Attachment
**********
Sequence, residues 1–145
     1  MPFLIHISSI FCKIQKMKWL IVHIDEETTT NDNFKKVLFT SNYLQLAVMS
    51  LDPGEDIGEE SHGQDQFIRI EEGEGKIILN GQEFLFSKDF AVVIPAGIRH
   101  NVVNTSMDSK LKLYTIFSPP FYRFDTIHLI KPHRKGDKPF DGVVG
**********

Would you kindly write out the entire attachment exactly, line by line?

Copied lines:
Sequence, residues 1–145
     1  MPFLIHISSI FCKIQKMKWL IVHIDEETTT NDNFKKVLFT SNYLQLAVMS
    51  LDPGEDIGEE SHGQDQFIRI EEGEGKIILN GQEFLFSKDF AVVIPAGIRH
   101  NVVNTSMDSK LKLYTIFSPP FYRFDTIHLI KPHRKGDKPF DGVVG